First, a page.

Actress Tilda Swinton seems caught in the role of mother of troubled teens and shepherdess of similar lost sheep.
She’s played them with quiet panic (as the mom of a suspected murderer in “The Deep End”) and bluster (the title role in “Julia,” sudden guardian in an ill-planned kidnapping). And, in Lynne Ramsey’s “We Need to Talk About Kevin,” which opened Dec. 9 in limited release, she’s bugging out with unspoken paranoia and guilt as the mother to a true monster.
His name, as you’ve probably surmised, is Kevin and, as played by Ezra Miller, he’s not just devilish – he’s almost the devil himself. Yet he seems only to show his vicious nature to his mother – the person most preprogrammed to love him unconditionally – and, later, to his helpless younger sister.
In her jigsaw-puzzle construction, Ramsey hints again and again at where Kevin is ultimately headed and even shows some of the fall-out that is visited on Swinton as Eva, his mother. But her real accomplishment is the performance she draws from Swinton and the actress’ determination to keep it as quiet and hauntingly understated as possible.
Swinton plays a woman who, almost from the birth of her son, Kevin, suspects there’s something wrong with him. And not just unwell – something almost evil in its intent. But, consistently, it is a side he only presents to her – at once hateful and cunning, seemingly punishing Eva while presenting a normal, loving face to his easily gulled father (John C. Reilly).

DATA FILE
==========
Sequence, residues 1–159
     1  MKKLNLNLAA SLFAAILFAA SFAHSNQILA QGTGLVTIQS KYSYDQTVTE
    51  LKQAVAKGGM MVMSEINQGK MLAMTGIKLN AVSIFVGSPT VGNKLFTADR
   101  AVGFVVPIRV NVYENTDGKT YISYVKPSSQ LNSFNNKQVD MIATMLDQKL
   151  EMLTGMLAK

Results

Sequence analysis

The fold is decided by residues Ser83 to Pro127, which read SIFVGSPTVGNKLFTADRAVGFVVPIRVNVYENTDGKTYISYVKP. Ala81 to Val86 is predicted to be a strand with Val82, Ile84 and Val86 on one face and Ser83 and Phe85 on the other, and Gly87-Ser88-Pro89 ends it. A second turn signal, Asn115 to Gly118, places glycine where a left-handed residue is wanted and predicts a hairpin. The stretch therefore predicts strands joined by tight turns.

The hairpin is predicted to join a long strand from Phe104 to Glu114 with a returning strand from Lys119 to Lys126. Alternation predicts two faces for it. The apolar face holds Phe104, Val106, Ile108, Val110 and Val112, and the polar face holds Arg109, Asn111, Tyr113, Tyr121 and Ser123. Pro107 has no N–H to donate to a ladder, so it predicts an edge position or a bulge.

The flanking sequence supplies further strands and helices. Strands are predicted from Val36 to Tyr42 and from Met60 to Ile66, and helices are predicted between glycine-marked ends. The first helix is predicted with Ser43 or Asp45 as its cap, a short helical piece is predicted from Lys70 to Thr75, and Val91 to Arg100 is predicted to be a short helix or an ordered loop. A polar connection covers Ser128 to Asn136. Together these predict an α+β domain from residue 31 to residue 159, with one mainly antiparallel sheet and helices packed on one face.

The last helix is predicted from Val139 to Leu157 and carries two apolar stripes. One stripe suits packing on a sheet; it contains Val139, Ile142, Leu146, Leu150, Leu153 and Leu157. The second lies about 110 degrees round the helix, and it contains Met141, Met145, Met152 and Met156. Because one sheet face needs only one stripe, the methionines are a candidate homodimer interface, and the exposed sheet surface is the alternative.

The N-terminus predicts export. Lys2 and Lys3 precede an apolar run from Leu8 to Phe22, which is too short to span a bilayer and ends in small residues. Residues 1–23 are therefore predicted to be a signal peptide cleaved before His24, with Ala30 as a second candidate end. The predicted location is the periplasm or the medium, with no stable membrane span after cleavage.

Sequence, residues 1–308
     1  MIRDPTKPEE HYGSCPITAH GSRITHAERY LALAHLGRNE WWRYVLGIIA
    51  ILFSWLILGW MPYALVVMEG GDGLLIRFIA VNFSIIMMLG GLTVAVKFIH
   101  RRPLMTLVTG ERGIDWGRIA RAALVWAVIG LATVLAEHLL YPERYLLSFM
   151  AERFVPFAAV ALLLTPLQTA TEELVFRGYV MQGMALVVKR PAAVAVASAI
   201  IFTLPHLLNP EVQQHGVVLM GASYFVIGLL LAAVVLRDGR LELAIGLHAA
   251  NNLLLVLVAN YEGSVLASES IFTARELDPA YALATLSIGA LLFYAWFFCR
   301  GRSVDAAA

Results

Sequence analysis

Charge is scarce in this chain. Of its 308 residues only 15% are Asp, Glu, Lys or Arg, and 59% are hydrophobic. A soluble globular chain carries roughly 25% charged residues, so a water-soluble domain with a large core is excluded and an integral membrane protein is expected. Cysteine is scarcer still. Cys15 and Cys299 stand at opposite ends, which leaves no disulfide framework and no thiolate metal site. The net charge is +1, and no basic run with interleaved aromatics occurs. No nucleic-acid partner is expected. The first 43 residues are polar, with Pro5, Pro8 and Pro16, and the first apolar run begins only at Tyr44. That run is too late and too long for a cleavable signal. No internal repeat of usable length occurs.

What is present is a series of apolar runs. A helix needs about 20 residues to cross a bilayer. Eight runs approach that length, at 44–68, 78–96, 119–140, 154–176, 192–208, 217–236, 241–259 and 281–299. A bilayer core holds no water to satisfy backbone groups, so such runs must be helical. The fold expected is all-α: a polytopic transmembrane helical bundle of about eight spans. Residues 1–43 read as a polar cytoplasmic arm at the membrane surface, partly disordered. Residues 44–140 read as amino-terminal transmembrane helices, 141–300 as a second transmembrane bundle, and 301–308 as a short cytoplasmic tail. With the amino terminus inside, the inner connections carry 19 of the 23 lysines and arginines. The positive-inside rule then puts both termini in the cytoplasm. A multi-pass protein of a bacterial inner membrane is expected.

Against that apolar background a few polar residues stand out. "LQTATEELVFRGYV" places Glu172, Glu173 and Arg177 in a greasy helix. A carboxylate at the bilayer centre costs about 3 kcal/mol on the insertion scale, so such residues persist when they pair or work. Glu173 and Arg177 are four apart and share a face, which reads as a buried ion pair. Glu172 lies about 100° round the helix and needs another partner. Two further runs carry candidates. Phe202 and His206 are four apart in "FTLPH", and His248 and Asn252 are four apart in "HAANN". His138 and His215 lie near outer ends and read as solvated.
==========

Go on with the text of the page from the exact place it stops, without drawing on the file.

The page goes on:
The suspense here does not spring from the inevitable violence he creates in “Bad Seed”-style, including an in-school massacre. Rather, it’s the torture his mother endures, knowing there is something wrong with her child but suffering the guilt of the damned for thinking that about her own offspring. It’s even worse when she voices suspicions to a husband who doesn’t see it at all. He insists that she’s not only imagining things but that her continued suspicions of her own son are both disloyal and unmaternal.
Miller, recently seen playing a variation on the troubled teen in “Another Happy Day,” has a frightening stillness and intensity, and a facility with shifting gears, adjusting his affect to microscopic degree while achieving maximum effect.
“We Need to Talk About Kevin” is more suggestive than graphic, but the impact can be dispiritingly nihilistic. Still, a performance like Swinton’s – so gorgeously and painfully calibrated – is something to behold.